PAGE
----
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Publication numberUS3016536 A
Publication typeGrant
Publication dateJan 9, 1962
Filing dateMay 14, 1958
Priority dateMay 14, 1958
Publication numberUS 3016536 A, US 3016536A, US-A-3016536, US3016536 A, US3016536A
InventorsFubini Eugene G
Original AssigneeFubini Eugene G
Export CitationBiBTeX, EndNote, RefMan
External Links: USPTO, USPTO Assignment, Espacenet
Capacitively coupled collinear stripline antenna array
US 3016536 A
Abstract  available in
Previous page
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Claims  available in
Description  (OCR text may contain errors)

Jan. 9, 1962 E. G. FUBINI 3,016,536





20 A I a c a E a E a g Q Q Q Q 20- H -|9 g E E g H 22 20R guag v g g fl BlNl. 25V FIG. 6 BY ATTORNEY CAPACITWELY (IQUPLED COLLINEAR STRIP- LlZNE ANTENNA. ARRAY Eugene G. Fubini, Glen Head, N.Y., assignnr to the United tates of America as represented by the Secretary of the Army Filed May 14, W58, Ser. No. 735,344 4 Claims. (Cl. 343--3il1) tors disposed along a substantially straight line parallel to a reflecting ground plane. The radiators are separated from the ground plane and from one another by a dielectric medium. One of the radiators essentially comprises a center fed, half-wave antenna or half of a centerfed, full-wave antenna whereby, due to the capacitive coupling between radiators as a result of their separation, the entire array may be excited in phase.

The above-mentioned and other features and objects of the invention will become more apparent by reference to the following description and claims taken in conjunction with the accompanying drawings, in which:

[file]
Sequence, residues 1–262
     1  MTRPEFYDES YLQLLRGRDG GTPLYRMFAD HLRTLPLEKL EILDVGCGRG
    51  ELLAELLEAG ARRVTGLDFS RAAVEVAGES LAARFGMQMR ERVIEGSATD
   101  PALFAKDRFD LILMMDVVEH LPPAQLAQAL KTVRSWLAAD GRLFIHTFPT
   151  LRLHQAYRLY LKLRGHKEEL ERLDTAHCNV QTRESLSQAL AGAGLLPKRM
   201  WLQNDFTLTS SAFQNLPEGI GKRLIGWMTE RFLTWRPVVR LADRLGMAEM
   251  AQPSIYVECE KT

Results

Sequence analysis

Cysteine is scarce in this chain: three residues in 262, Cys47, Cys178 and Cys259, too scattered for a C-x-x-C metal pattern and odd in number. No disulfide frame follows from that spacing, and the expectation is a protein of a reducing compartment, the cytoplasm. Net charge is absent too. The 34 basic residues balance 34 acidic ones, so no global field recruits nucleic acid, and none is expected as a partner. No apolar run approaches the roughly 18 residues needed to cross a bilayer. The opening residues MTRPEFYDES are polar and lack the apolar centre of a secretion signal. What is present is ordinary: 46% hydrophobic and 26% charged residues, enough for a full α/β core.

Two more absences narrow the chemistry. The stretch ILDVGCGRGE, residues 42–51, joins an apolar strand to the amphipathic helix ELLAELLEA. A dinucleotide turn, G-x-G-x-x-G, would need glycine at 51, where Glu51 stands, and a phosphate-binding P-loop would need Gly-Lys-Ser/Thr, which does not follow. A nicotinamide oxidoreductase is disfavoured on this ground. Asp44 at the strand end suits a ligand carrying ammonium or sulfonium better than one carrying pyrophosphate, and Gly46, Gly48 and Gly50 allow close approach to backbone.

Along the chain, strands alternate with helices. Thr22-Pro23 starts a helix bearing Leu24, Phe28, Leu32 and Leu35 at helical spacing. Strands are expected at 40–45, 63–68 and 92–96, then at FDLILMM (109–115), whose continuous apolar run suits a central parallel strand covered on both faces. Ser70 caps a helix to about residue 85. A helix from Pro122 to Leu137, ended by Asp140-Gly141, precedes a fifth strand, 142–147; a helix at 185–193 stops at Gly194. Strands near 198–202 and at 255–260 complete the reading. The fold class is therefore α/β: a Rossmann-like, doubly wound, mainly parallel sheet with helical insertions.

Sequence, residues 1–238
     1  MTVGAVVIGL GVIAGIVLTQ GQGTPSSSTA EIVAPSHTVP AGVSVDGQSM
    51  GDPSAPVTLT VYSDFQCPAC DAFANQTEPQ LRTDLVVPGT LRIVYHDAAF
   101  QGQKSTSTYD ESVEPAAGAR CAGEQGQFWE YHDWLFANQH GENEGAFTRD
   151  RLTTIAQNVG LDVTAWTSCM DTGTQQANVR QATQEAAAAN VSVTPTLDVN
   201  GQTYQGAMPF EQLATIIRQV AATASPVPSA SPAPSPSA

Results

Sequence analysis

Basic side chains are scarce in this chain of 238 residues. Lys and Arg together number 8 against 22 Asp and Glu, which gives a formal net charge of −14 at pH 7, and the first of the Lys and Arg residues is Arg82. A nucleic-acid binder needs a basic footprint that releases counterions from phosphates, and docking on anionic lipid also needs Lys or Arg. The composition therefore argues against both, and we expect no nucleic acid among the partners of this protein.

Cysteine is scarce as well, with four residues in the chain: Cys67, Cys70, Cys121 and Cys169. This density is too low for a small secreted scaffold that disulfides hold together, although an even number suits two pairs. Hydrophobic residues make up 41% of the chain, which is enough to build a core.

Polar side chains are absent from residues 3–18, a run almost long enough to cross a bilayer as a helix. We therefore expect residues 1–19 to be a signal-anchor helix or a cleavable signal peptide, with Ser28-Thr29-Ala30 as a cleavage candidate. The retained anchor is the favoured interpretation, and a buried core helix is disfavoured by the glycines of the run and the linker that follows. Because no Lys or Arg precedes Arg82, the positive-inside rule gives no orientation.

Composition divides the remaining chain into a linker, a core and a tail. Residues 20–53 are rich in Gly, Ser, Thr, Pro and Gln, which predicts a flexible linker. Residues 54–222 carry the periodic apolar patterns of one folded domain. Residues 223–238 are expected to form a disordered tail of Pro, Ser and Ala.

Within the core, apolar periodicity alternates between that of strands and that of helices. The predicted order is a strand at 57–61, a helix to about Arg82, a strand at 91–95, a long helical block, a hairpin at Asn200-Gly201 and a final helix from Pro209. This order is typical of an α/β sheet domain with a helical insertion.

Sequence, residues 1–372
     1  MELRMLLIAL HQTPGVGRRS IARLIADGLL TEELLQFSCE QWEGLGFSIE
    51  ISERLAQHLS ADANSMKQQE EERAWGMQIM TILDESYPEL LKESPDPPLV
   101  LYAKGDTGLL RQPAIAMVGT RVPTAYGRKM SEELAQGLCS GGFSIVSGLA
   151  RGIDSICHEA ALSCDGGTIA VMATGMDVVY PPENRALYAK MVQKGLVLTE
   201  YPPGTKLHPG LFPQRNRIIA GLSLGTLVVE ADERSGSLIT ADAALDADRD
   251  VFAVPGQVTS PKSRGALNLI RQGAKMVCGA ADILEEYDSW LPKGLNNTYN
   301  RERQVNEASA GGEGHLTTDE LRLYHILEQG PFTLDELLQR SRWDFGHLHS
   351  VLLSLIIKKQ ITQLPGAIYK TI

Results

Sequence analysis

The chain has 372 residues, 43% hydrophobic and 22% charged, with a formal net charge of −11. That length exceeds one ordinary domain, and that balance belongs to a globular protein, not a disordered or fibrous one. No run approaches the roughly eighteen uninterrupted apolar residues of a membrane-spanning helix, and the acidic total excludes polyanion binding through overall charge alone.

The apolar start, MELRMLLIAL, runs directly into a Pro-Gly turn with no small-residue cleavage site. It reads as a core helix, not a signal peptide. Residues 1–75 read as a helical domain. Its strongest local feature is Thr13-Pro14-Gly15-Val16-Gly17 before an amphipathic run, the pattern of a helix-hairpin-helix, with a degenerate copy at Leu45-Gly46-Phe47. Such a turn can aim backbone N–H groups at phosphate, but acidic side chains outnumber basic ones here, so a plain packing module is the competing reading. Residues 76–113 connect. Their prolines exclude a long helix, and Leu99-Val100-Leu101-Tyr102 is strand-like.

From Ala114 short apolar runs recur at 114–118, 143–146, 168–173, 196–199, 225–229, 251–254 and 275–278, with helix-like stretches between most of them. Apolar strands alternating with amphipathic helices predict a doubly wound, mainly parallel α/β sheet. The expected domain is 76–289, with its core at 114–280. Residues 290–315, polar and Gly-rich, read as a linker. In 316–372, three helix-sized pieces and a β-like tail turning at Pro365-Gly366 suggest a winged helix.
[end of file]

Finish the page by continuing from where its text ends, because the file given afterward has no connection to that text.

FIG. 1 is a perspective view of an antenna array constructed in accordance with the principles of the invention;

FIG. 2 is a sectional view taken along line 2-2 of FIG. 1;

I 'FIG. 3 is a diagrammatic representation of the voltage distribution along the antenna array of FIG. 1;

FIGS. 4A and 4B are graphs illustrative of the principles of the invention;

FIG. 5 is a top view of another antenna array constructed in accordance with the principles of the invention; and

FIG. 6 is a side view of a portion of the array of FIG. 5.

Referring now to FIGS. 1 and 2, there is shown an antenna array comprising, in collinear relationship, five electrical half-wave radiators separated from one another by capacitive gaps Ill]. The radiators comprise four electrical half-wave strip elements 31 and a half-wave antenna 12 consisting of two electrical quarter-wave strip elements 13. All of the strip elements 11 and 13 are bonded to or printed on a dielectric sheet 14. In turn,

' sheet 14 is supported by a substantially uniform layer of a low-dielectric-constant material 15 over a planar conductor 16 which serves as a reflecting ground plane. Antenna 12 is center fed from a source 17 of radio-frequency energy coupled to the adjacent ends of strip elements 13 through a parallel two-wire balanced transmission line 18. It is to be understood, of course, that insofar as the center feed apparatus is concerned, FIGS. 1 and 2 have been somewhat simplified for purposes of illustration, and that in most practical situations involving microwave frequencies a balun or other suitable device would be used to couple the energy of source 17 into line 18.